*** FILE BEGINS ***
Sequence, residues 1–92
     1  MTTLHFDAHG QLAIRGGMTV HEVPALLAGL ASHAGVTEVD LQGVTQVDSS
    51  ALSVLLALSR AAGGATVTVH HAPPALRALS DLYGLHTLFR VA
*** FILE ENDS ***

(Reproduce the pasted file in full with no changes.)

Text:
Sequence, residues 1–92
     1  MTTLHFDAHG QLAIRGGMTV HEVPALLAGL ASHAGVTEVD LQGVTQVDSS
    51  ALSVLLALSR AAGGATVTVH HAPPALRALS DLYGLHTLFR VA